But Jesus knew that the entire reason for His life was His death. The message of the four Gospels can be summed up in this: Since God didn’t want to live without us, He became a man and died, because to Him that was the preferable alternative.

Nothing they said in that 10-minute news segment contradicts that.

So, on to the other questions. Who wrote it? That’s difficult to say. Judas didn’t live all that long. But the book is only 13 pages long. I suppose Judas could have written it before he hanged himself. I can think of two times when something really traumatic has happened to me and I wrote down the whole story right after it happened. It didn’t take me very long to do it. And one of them probably was about 13 pages long in its first draft.

The segment dismissed the possibility of it being a forgery, based on the obscure language it was written in, and the age of the papyrus. But being written in a language Judas might have known, and being approximately the same age as the oldest known Biblical manuscripts doesn’t prove Judas wrote it. It could just as easily be an old forgery, intended to embarass someone.

I can just imagine if someone were to unearth my library in 2000 years. Not every statement in every book on my bookshelf is true. But when you find an old book in isolation with little else to compare to it, it can be difficult to know whether what you’ve found is that day’s equivalent of the Encyclopaedia Brittanica, or the Weekly World News.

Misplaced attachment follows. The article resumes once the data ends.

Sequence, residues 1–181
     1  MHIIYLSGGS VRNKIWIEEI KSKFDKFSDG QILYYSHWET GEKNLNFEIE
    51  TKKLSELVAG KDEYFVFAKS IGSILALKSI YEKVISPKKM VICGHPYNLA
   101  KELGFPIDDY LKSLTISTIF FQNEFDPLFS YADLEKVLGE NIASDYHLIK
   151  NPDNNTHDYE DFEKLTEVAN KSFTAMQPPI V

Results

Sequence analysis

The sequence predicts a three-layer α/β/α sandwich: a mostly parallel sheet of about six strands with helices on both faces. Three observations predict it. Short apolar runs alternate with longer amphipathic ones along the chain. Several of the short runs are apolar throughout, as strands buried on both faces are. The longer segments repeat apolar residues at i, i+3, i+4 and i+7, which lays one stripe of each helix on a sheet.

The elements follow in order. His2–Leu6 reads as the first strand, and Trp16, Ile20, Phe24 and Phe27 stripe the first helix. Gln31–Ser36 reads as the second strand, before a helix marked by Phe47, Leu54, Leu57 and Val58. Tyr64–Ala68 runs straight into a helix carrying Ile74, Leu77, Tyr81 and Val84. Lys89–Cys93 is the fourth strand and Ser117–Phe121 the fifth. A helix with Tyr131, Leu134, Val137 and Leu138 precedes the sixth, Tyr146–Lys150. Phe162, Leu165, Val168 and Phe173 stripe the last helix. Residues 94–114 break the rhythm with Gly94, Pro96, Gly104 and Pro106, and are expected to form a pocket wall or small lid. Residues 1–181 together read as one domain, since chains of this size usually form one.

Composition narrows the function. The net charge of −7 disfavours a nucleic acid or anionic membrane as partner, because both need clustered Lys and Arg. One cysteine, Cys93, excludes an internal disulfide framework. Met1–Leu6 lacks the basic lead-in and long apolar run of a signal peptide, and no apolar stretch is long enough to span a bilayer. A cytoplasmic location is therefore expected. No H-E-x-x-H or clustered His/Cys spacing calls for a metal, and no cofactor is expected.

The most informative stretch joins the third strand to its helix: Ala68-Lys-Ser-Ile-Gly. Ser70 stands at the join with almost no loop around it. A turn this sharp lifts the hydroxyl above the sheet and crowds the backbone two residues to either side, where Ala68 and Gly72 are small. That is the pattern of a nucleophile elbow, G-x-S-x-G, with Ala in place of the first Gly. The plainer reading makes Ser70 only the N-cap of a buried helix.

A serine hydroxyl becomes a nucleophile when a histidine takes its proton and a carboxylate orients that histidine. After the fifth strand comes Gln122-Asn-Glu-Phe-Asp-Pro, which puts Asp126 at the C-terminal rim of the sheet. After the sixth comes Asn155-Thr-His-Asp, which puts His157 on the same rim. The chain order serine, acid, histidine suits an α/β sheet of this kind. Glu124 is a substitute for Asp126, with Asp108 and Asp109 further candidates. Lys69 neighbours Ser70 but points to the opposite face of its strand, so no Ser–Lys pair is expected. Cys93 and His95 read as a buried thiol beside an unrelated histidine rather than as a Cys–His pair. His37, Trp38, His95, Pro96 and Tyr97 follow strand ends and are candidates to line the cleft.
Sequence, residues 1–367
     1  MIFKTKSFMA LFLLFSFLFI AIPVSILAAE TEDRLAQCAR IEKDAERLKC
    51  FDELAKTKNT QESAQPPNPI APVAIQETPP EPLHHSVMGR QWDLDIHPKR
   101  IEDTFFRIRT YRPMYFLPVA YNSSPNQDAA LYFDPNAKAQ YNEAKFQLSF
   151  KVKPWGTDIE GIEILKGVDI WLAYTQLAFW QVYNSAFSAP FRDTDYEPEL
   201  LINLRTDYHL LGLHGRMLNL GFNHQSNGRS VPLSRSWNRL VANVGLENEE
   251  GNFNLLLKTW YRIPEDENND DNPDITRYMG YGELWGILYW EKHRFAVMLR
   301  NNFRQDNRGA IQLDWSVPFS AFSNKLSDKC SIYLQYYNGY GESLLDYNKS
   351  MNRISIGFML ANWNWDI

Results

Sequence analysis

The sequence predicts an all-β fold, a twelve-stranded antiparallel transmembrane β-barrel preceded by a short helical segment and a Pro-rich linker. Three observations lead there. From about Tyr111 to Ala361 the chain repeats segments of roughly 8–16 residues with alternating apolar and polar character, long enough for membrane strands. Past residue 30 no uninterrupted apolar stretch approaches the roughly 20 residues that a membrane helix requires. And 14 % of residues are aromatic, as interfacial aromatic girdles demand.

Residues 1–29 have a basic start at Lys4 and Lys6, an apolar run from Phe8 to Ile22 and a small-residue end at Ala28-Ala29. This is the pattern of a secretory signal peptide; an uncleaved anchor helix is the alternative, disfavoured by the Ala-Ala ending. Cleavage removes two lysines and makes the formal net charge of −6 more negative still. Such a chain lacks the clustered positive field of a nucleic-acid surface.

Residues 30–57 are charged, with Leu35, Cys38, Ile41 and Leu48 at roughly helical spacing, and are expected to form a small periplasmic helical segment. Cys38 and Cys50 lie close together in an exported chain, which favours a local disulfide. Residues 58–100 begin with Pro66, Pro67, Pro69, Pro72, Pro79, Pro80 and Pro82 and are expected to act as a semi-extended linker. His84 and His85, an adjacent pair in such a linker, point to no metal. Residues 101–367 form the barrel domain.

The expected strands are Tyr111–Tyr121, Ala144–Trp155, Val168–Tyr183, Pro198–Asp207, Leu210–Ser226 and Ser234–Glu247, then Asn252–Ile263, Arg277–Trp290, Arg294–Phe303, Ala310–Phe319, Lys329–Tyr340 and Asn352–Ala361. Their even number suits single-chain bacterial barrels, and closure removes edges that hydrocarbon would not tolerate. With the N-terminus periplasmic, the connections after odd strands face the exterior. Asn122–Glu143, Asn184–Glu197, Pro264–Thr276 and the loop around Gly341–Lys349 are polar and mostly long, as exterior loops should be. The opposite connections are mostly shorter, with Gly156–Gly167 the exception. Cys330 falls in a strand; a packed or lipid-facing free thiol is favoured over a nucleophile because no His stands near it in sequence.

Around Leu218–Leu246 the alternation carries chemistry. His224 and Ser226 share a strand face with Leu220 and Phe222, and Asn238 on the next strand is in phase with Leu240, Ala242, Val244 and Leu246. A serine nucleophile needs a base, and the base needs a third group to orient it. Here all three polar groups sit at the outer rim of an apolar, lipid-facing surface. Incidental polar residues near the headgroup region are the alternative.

And "Lost Gospels" aren’t exactly new. The Gospel of Peter and the Gospel of Thomas are two examples that have been with us since very close to the beginning of Christianity. What happened to them? They aren’t in the Bible because they weren’t considered reliable by the people who saw what happened.

A Gospel of Judas, hastily written in the hours between the time he betrayed Jesus and the time of his death, would certainly qualify. The Gospels of Matthew and John were carefully considered, after the fact, and undoubtedly the conversations and recollections of the other 10 surviving disciples colored what ultimately went into those books. Mark and Luke weren’t disciples, so they weren’t even there to see firsthand much of what is in their accounts; the books were assembled from eyewitness accounts. Mark was a good friend of Peter, while the introduction to the book of Luke suggests it might have been a commissioned work.

This doesn’t make a possible Gospel of Judas an uninteresting work, nor does it necessarily make it unimportant. And without having read the upcoming books or the big feature in National Geographic, I don’t have enough to say much about it. But from what little I have to go on, even if this book is exactly what it claims to be, I don’t see that it shakes Christianity at all.

The most important thing it brings up is what the news segment didn’t say, of course. If forgiveness was available to Judas, and if God had a plan for Judas, both are true for you and me as well.